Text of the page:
GOLD BAR — Three sites slated to be logged near here have drawn the ire of conservationists.
Concerns about forest practices and the state selling timber to be cut by the highest bidder have spurred a new nonprofit.
Inessa Pearce, of Startup, has been talking to neighbors and voicing concerns to city and state leaders. She had the Skykomish Valley Environmental and Economic Alliance registered as a nonprofit last month.
Pearce drummed up support from almost 300 people with an online petition to stop what she calls excessive logging near Wallace Falls State Park.
Jean Fike, manager of the Northwest region for the Department of Natural Resources, said logging might seem concentrated in the Sky Valley but there are limits on how much timber can be cut in one area.
“It’s important to understand these harvests are not on park land,” she said. “Trust lands are designated to earn money for the public.” The three sites to be harvested near Gold Bar are part of almost 3 million acres of state trust land the department manages. It is legally obligated to generate revenue for counties, schools, hospitals, libraries and other public agencies with its trust lands. The money from the planned timber harvests would benefit Snohomish County, local taxing districts and the state.
Pearce, a Russian translator for the Monroe and Northshore school districts, said the benefit doesn’t outweigh the damage to the local economy from the loss of tourism. She also rents cabins to travelers at her place along Sultan Startup Road, near a now barren hillside that was logged a few years ago.
“There’s a lot of logging going on and tourists don’t like it,” she said.
Pearce wants the state to leave more trees when it thins forests.
The state is taking public comment on a 116-acre timber harvest known as the “Dyno” sale until Jan. 19. The proposed site is 2 miles east of Gold Bar. The estimated value for the timber has yet to be determined, said Bob Redling, Department of Natural Resources spokesman.
Another 187-acre timber harvest, known as the “Singletary” sale, was approved in 2014. The auction was delayed after conservation groups and county officials shared their worries about preserving Wallace Falls and the state park, and protecting trails that are being built in the Reiter Foothills Forest area.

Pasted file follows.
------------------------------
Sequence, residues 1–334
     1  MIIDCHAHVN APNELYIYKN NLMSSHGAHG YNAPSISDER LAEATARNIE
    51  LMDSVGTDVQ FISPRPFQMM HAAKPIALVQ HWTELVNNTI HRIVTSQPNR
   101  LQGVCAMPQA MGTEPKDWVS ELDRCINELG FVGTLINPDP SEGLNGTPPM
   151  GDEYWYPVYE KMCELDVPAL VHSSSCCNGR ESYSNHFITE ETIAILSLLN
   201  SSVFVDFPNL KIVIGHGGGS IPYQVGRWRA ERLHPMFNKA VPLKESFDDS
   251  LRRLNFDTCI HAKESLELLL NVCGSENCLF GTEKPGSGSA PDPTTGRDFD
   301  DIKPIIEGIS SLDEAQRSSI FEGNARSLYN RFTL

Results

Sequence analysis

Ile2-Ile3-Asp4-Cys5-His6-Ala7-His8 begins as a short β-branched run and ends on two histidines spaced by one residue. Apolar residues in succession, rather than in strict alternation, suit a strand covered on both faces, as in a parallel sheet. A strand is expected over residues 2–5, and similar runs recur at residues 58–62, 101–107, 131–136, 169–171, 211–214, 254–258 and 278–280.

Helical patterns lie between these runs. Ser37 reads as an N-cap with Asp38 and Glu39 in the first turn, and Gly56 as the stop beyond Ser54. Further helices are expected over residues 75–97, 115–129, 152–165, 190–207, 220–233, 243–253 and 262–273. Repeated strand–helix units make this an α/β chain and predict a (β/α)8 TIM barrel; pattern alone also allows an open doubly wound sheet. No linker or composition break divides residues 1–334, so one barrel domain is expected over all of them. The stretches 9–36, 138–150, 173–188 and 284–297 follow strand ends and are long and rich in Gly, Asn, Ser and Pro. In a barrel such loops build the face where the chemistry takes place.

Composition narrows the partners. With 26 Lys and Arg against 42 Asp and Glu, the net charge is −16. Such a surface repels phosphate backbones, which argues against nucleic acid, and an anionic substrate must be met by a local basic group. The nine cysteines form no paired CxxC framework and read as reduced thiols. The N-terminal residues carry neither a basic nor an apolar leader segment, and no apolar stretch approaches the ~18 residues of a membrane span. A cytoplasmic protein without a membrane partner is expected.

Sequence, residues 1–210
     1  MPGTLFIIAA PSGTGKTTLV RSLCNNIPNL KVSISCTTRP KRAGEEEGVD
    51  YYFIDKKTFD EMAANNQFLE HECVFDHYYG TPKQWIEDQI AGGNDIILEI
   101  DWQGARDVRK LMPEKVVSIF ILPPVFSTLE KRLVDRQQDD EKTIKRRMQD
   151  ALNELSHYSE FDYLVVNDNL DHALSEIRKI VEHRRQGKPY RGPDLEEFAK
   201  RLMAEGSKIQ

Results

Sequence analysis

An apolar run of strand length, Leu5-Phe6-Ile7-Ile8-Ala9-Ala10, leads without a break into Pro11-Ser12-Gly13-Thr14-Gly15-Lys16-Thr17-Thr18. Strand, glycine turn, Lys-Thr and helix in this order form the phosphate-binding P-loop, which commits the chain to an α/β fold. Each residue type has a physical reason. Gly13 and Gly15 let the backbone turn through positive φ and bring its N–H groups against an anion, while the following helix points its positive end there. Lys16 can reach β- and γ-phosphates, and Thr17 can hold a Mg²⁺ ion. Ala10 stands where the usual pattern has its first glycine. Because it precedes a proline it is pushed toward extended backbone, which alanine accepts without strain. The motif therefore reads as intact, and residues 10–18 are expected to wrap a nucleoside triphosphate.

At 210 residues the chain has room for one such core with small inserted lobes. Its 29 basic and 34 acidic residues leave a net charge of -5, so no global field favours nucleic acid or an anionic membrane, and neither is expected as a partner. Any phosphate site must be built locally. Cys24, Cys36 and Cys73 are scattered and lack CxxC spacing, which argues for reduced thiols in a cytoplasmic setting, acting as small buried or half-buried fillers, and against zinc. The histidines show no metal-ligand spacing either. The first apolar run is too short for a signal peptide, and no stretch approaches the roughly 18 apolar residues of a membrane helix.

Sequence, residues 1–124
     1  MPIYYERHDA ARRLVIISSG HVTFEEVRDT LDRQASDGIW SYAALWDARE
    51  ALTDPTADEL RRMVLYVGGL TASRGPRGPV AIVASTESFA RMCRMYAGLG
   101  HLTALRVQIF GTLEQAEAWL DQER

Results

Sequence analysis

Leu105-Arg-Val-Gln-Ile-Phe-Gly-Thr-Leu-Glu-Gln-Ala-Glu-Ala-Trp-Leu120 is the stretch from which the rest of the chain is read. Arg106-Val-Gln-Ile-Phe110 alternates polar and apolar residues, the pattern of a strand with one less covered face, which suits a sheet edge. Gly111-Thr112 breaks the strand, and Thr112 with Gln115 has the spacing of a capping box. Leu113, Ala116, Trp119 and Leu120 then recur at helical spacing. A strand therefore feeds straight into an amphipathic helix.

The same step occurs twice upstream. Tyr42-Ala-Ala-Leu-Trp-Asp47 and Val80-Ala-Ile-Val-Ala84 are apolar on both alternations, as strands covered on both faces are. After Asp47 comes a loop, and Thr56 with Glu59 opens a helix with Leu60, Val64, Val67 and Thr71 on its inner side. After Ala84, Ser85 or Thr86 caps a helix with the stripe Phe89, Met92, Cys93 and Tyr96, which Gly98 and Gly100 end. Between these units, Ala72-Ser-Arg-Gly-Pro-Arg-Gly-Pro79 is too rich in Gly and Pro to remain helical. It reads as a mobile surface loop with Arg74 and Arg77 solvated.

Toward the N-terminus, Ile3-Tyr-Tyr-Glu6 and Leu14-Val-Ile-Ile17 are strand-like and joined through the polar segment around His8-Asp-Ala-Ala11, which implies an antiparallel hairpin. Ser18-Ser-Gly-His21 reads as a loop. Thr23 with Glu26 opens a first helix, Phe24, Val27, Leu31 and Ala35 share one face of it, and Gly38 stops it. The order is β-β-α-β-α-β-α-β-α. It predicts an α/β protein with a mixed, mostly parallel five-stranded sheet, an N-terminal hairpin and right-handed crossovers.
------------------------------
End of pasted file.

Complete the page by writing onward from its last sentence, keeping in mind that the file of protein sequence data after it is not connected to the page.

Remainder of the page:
Fike said the state plans to move forward with the sale. The timber was appraised at $1.8 million in 2014, but that figure is likely to change by the time it is auctioned, she said.
The state doesn’t have an estimate of when that might happen. It is waiting for a permit from the county to build a bridge over May Creek before proceeding with the sale.
The state auctioned timber on a 129-acre site known as “Moonbeam” in April for about $422,000. The buyer has until Sept. 30, 2017 to cut the timber on the property, located about 3 miles northeast of Gold Bar.
Pearce is also concerned about the use of pesticides. She sent a letter dated Dec. 29 to state, county and city officials and a timber company protesting spraying of chemicals in Sky Valley.
She’s been worried about her well water and pollution since the state allowed the timber company Springboard Wallace Falls to use a helicopter to spray pesticides over about 1,000 acres near her home in September.
Stephen Bernath is chairman of the Forest Practices Board, which regulates the spraying of pesticides along with other state and federal agencies. He said strict rules are in place to make sure public health is not “significantly damaged” when chemicals are used.
Bernath pointed out that the chemicals Pearce is concerned about are all approved pesticides and they were applied in compliance with the law. Chemicals that seep into groundwater are not used in areas where that might be a problem, he said.
There’s a state Senate workshop on the use of pesticides and herbicides on state lands at 1:30 p.m. Wednesday in Olympia. Pearce and officials from the Forest Practices Board plan to take part in the meeting.